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Oklahoma State News Gleanings

Chief Byrd has been recognized by Secretary Vilas as Governor of the Chickaway nation in Indian Territory. (Saturday, February 2, 1889 - The Eugene City Guard (Eugene, Or., transcribed by Jim Dezotell)

There were 2,493 births and 772 deaths in the state of Oklahoma during the month of July according to the bulletin of the state department of health just issued. Of the births 1,333 were males and 1,160 females. There were 32 sets of twins and one set of triplets.
Of the deaths, 37 percent occured before the age of six years. Ten accidental drowning, six suicides and one legal hanging were recorded by the department.
From Stephens county came the report that a mother and her baby were killed when the horses which the mother was driving became frightened during a cyclone, ran away and threw the mother and her baby into a tank alongside the road.
The bulletin calls attention to the fact that department inspectors report extraordinary variations of weight in the general run of flour and meals on the markets within the state. Millers are also cautioned against the improper branding of flour. Several mills operation bleachers have been lax in meeting the label requirements which impose upon millers the duty of labeling such flour.
[The Daily Oklahoman 13 Sep 1912, Submitted by Barb Ziegenmeyer]

Oklahoma Briefs

Willis Griffin, the first white child born in Guthrie and the territory after the opening of the old Oklahoma in April, 1889, is dead.  His parents participated in the run, secured a claim and have lived there ever since.


Intense excitement prevails in Taloga and Dewey Counties over the discovery of gold, copper and iron ore on the farm of R. M. Maloney, five miles northeast of Taloga.  Business has been practically suspended there, so great is the excitement.  Hundreds of people are flocking to the scene.


It is estimated that this season’s cotton crop in Oklahoma will reach 175,000 bales, the greatest in the territory’s history.  Out of the twenty six counties in the territory, twenty are cotton producers.  Dealers state that the total acreage increases gradually each year.  The ruling price during the season has been 8 cents.


The cost of care and maintenance of Oklahoma’s deaf and dumb and insane as well as the territory’s convicts, all of which is done under contract for two years, at shown by Territorial Auditor Baxter’s statement recently made public is:  Insane, $122,757; convicts, $69,894; deaf and dumb, $28,675.


Oklahoma City was in danger of destruction one day last week.  A blaze that started caused a loss of ¼ million dollars.  The wind was so strong that for a time it seemed as if the fire could not be checked.  Calls for aid were sent to Guthrie, El Reno and Purcell.  All three counties responded.  Fire departments were sent by special trains.  The got there in time to aid in stopping the flames.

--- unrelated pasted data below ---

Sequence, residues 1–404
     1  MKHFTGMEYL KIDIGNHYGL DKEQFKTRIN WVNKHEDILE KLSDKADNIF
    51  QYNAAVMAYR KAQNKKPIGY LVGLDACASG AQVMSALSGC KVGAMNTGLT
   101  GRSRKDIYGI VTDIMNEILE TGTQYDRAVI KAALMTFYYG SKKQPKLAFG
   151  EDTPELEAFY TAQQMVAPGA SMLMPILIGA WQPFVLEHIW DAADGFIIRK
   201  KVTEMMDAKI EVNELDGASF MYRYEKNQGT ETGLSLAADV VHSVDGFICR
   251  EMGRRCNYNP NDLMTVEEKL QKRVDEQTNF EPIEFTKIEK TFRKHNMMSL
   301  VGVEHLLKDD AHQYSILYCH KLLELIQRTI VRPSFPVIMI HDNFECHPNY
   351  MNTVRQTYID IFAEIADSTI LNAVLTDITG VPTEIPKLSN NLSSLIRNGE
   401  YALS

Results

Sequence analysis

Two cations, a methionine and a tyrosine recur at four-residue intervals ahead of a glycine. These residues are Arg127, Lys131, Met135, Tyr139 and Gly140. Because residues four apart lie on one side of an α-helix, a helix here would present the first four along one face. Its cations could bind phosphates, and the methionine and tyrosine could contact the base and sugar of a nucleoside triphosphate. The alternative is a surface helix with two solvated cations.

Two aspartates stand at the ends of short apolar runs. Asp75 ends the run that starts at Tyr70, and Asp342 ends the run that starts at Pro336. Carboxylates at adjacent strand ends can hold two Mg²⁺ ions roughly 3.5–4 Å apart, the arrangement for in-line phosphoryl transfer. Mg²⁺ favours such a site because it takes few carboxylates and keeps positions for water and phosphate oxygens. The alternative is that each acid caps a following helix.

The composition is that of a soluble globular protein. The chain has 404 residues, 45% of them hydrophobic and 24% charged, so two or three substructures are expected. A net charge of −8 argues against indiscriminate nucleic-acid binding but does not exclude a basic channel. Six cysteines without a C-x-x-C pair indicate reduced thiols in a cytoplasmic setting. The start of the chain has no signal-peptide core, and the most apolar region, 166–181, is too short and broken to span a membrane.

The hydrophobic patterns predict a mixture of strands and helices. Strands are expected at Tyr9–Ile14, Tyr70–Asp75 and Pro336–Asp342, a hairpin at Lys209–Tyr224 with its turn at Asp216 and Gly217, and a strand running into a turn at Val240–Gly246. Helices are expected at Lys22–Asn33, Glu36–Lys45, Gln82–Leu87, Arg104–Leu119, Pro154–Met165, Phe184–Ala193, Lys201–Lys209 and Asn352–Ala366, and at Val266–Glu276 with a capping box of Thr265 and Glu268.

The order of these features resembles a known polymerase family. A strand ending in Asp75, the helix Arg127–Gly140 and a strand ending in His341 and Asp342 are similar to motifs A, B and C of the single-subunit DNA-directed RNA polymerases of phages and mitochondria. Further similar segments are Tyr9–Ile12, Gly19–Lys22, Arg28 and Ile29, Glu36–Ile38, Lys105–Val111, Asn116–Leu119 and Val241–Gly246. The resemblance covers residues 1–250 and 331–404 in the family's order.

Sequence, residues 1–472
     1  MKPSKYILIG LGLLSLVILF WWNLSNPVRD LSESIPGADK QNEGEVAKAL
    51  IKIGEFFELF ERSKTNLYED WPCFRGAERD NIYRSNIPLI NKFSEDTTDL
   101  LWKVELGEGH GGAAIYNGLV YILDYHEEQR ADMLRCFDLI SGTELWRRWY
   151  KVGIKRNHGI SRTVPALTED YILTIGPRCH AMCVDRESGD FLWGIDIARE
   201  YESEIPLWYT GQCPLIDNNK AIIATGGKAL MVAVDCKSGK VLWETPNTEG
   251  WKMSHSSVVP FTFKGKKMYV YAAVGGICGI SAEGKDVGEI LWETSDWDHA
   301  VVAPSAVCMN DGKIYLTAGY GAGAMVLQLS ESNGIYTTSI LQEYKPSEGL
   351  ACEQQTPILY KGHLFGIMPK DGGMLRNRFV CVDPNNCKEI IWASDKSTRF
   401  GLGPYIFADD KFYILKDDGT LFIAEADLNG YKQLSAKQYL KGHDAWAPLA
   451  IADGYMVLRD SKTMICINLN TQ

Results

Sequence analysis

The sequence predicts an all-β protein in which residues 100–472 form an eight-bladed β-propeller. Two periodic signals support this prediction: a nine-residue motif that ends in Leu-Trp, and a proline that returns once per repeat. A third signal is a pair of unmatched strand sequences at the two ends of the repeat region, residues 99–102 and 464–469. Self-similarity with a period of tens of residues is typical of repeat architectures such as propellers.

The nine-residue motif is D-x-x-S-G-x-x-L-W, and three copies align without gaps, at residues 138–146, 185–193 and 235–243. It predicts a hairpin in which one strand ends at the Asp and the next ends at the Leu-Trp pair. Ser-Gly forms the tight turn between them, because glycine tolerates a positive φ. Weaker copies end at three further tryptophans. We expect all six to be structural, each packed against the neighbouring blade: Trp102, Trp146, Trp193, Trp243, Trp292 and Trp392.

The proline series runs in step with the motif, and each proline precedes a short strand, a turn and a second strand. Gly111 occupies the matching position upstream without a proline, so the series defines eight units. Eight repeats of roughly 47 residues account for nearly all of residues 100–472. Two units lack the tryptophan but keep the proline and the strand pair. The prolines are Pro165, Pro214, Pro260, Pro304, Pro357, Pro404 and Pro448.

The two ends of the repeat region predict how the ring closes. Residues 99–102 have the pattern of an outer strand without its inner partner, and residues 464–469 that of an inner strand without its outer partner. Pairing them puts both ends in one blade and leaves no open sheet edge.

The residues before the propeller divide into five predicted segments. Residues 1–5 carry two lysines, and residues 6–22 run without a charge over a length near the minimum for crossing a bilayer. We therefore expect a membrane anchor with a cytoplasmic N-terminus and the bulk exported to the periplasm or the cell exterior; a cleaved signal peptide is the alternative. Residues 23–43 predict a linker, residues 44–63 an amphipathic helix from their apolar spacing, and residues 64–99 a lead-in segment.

At Mangum, even the electric light plant does not run on Sunday, because the manager was notified to keep it shut down, under penalty of prosecution for violating the Sunday law.  Causing the electric light plant to shut down Saturday night as 12 o’clock and remain shut down until Monday morning is rather inconvenient for the townsman of that city and they are trying to have the law changed.


Some week since an Oklahoma merchant ordered ten pounds of salt peter from his jobber and received it immediately by fast freight.  It was sold to farmers of the neighborhood, who used it in curing meat.  Recently so many complaints came in of the aperients properties of the meat treated that the wholesaler was asked to look into the matter, and it was found that a careless packer has sent6 Epson salts.


Fifteen families passed through Shawnee the other day for South Pottawatomie County, where they will settle on ands recently purchased.  Most of them were from Western Missouri and Eastern Kansas, although several were from Northern Iowa.  Immigration to South Pottawatomie County is rapidly increasing and most of the incomers are prosperous and money farmers from the Northern states.  In nearly every case they are inaugurating substantial improvements in the way of placing pioneer houses with good frame houses and other improvements.

(Transcribed and contributed by:  AFOFG - American Citizen - 1903-03-06 page 2)

’s Counties
The Order Defining Their Boundary Lines Issued by Secretary Noble

Washington, September 17.— Secretary Noble has issued an order defining the boundary lines of counties in Oklahoma in compliance with the act of congress authorizing him, before any of the lands in Oklahoma are opened to settlement to divide it into counties, which shall contain as dear as possible not less than 700 square miles.  The counties whose boundary lines are thus fixed are Payne, Logan, Kingfisher, Canadian, Oklahoma and Cleveland.  As the law provides, the unnamed counties created, (which are also defined), until their names shall be determined at the first election, the secretary describes and defines in alphabetical order.  It is probable that the proclamation opening more than 1,800,000 acres of land in Oklahoma will be issued by the president at once.
(Transcribed and contributed by: AFOFG - Bismarck Tribune - 1891-09-18 page 1)

Destructive Wind Storms Sweep Over Four Counties
Seven Villages
Wiped Out
Many Persons Known to Have Been Injured and a Number Are Reported Killed—Section Devastated Isolated and Thinly Populated

Woodward, Oklahoma, May 12.—A succession of tornados swept over the district lying two miles southwest, south and southeast of Woodward.  Several small isolated villages, all off the railroad and without telegraphic communications, are reported destroyed, many persons have been injured and a number are reported killed.

Seven villages are reported to have suffered damage more or less severe.  They are Grand, Arnett, Vicit, Mutual, Estelle, Cooley and Richmond.  AT each place casualties are said to have resulted.  The known casualties are:

At Arnett – Hale, killed; half a dozen persons injured, one fatally.

At Vicit – Hauser, physician, fatally injured.

At Mutual – Arthur Sibel, his wife and several others were seriously injured.

Grand, the county seat of Ellis County is said to have been wholly wrecked.  The town of Estelle, Cooley and Richmond also are reported to have been devasted.

At Little Robe, fifty-five miles southwest of Woodward, Mrs. J. E. Hale was killed.

In the vicinity of Arnett, O. E. Null and daughter were caught in the storm while driving.  They escaped injury, but their team was killed.

The little town of Costos, Dewey County, also is reported wiped off the map.

The villages where the damage is reported are all small places.  Grand is the largest of the seven and it has only a few hundred inhabitants.